lighthouse 1501 windlass motor burned (?) - SailNet Community
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post #1 of 7 Old 03-28-2011 Thread Starter
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lighthouse 1501 windlass motor burned (?)

hello all, i encountered a serious problem with my 1501:

while trying out the windlass (hooked up only to the bank battery; boat engine undergoing repair and NOT running), the motor at first operated normally, but before finishing pulling 30 ft of chain or so, the motor stopped working, probably because of using up all the power in the battery bank, and became very hot. the heat also melted the perko switch, which no longer conducts current.

after this happened, the battery bank went flat but later accepted charge.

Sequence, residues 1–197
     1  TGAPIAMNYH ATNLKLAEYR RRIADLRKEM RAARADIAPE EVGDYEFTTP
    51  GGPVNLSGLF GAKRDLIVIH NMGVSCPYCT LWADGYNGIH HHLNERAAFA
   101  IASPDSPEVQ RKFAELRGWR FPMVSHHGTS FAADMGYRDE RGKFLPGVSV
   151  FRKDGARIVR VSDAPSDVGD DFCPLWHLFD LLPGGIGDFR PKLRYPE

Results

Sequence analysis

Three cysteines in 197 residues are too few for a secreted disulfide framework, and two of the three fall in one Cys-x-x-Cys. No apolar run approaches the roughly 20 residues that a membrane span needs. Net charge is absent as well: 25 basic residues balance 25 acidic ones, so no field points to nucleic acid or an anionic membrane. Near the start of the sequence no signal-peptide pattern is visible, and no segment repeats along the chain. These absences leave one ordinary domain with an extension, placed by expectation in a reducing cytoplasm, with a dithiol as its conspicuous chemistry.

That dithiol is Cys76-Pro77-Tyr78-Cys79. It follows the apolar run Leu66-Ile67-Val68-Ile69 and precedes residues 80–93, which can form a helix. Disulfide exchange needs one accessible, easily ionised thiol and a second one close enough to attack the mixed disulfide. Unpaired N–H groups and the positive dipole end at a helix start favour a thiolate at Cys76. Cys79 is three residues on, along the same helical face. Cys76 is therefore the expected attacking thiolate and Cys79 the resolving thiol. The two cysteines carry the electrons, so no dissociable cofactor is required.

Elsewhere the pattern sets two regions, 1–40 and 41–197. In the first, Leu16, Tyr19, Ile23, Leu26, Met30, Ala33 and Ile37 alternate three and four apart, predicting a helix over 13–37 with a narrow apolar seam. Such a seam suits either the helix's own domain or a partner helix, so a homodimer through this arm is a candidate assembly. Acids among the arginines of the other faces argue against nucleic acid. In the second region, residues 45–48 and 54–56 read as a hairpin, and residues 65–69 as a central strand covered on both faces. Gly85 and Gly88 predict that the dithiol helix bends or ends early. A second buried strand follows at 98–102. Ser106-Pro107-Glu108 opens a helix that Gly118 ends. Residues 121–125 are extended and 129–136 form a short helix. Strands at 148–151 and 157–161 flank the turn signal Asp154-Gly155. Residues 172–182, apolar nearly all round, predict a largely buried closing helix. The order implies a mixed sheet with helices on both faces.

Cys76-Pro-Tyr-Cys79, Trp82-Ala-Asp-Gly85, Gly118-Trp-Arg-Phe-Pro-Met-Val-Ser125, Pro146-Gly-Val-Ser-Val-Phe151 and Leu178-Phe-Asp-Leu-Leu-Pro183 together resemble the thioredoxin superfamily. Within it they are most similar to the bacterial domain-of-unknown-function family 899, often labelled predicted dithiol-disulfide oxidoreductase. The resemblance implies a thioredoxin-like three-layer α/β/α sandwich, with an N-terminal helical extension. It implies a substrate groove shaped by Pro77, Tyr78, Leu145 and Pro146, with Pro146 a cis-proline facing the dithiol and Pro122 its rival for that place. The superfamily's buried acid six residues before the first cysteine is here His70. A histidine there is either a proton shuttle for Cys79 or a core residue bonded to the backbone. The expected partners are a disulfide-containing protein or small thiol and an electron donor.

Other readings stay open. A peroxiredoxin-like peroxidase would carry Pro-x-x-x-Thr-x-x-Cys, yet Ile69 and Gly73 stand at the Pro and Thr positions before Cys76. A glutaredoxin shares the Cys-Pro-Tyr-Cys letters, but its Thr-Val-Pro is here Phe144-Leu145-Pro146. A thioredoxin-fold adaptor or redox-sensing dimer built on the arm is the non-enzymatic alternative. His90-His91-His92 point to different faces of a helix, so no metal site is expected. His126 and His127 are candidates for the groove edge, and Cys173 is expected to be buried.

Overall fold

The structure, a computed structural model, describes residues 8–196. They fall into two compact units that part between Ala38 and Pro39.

the unit's motor housing has been very much rusted. the unit is probably 18 years old. worked quite well up to now.

question: (1) what happened? (2) would the motor be burned & now destroyed beyond repair? -- i hope not... the 1501 motor is supposed to be overload-proof, etc, right? (3) what may have caused it to happen?
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post #2 of 7 Old 03-28-2011
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Just a guess but as the voltage dropped in your battery bank and perhaps already low, that required the current to increase for windlass operation. Eventually as the voltage became very low, the current was way over specification. Chances are you fried it. Once you have burned it, you have seriously degraded the wiring and insulation. If your batteries are good deep cycles, they can be recharged and will be OK, but not the windlass and its wiring.
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post #3 of 7 Old 03-28-2011 Thread Starter